Financial resources for terrorist groups probably should get more attention here at Lawfare than we give it. We know that interdiction of terrorist financing has been utterly crucial as a tool of counterterrorism since 9/11, but the ins and outs of this can be hard to follow without a background in law of finance, financial intermediaries, international financial institutions, etc. One of the basic problems is that for purposes of business efficiency, we would like to reduce the barriers to business formation, capital mobility, etc., across borders. At the same time, many of those features also make interdiction of terrorist financing much more difficult. There has not been that much attention to the issue of interdiction of terrorist financing in American legal academic literature in recent years – my impression, anyway. So I very much welcome this new article forthcoming in University of Pennsylvania Law Review, “Funding Terror,” by Shima Baradaran, Michael Findley, Daniel Nielsen, and JC Sharman. It’s an excellent treatment of the difficulties of international financial interdiction. Here is the abstract on SSRN:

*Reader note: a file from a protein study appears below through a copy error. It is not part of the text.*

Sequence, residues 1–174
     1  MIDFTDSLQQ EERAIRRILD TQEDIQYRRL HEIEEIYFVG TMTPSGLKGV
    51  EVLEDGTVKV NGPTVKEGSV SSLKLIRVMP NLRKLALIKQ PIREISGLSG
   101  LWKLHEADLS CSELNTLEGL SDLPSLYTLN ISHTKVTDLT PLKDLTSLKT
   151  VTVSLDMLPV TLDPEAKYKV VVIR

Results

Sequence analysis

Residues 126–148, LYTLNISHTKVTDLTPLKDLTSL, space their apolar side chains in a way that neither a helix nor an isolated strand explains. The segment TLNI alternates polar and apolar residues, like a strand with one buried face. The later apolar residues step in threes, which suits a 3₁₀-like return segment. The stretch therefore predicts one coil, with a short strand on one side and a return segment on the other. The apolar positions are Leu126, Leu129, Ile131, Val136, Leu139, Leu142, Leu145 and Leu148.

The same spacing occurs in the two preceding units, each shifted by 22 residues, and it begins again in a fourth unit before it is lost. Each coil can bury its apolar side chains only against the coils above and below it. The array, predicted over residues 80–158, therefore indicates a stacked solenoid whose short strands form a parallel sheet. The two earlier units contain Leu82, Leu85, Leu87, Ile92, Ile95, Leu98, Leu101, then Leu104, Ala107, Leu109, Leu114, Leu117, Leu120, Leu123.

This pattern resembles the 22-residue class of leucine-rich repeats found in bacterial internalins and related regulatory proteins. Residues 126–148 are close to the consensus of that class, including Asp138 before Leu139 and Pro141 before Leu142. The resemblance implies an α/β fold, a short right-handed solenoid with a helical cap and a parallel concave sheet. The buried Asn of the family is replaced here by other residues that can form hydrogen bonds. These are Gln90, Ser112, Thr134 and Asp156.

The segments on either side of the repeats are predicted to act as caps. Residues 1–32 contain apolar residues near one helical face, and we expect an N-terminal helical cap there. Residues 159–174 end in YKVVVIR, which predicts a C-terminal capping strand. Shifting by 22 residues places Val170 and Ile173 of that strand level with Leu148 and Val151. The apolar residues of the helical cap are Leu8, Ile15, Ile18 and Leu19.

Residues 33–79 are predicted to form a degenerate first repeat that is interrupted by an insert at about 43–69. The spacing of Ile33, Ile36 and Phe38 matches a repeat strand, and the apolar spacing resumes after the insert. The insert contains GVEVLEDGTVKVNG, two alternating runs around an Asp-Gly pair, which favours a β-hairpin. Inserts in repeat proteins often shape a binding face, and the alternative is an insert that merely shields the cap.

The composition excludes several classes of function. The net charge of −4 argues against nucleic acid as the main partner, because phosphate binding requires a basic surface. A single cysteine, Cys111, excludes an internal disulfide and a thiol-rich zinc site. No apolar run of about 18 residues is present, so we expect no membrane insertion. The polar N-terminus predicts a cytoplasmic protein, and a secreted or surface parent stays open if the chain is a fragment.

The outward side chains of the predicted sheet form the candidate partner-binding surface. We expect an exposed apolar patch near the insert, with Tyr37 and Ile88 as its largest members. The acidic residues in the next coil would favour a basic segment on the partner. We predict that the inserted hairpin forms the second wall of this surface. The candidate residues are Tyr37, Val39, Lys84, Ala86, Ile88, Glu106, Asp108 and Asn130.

The events of September 11 forever changed the political and legal response to terrorism. After more than ten years, two wars, several targeted military strikes, and significantly increased surveillance, we still have not succeeded in stopping the growth of Al-Qaeda and other terrorist organizations. The war on terror has not just been a military one. To stop terrorism, it is imperative to cut off the flow of terrorism financing. To this end, a number of nations have created financial laws that prohibit the formation of anonymous companies and monitor suspicious bank transfers. These laws have been touted as evidence that we are winning the war on terrorism. This Article questions their efficacy. In particular, this Article proves how easy it is to form a terrorist finance network and exploits the impotence of both international and domestic financial regulations that have been passed in this area. The Article presents findings from the largest global randomized controlled trial to date. In our experiment, we acted as customers seeking to form anonymous shell companies in a variety of scenarios resulting in either greater risk or greater reward. On the whole, forming an anonymous shell company is as easy as ever, despite increased regulations following 9/11. The results are disconcerting and demonstrate that we are much too far from a world that is safe from terror.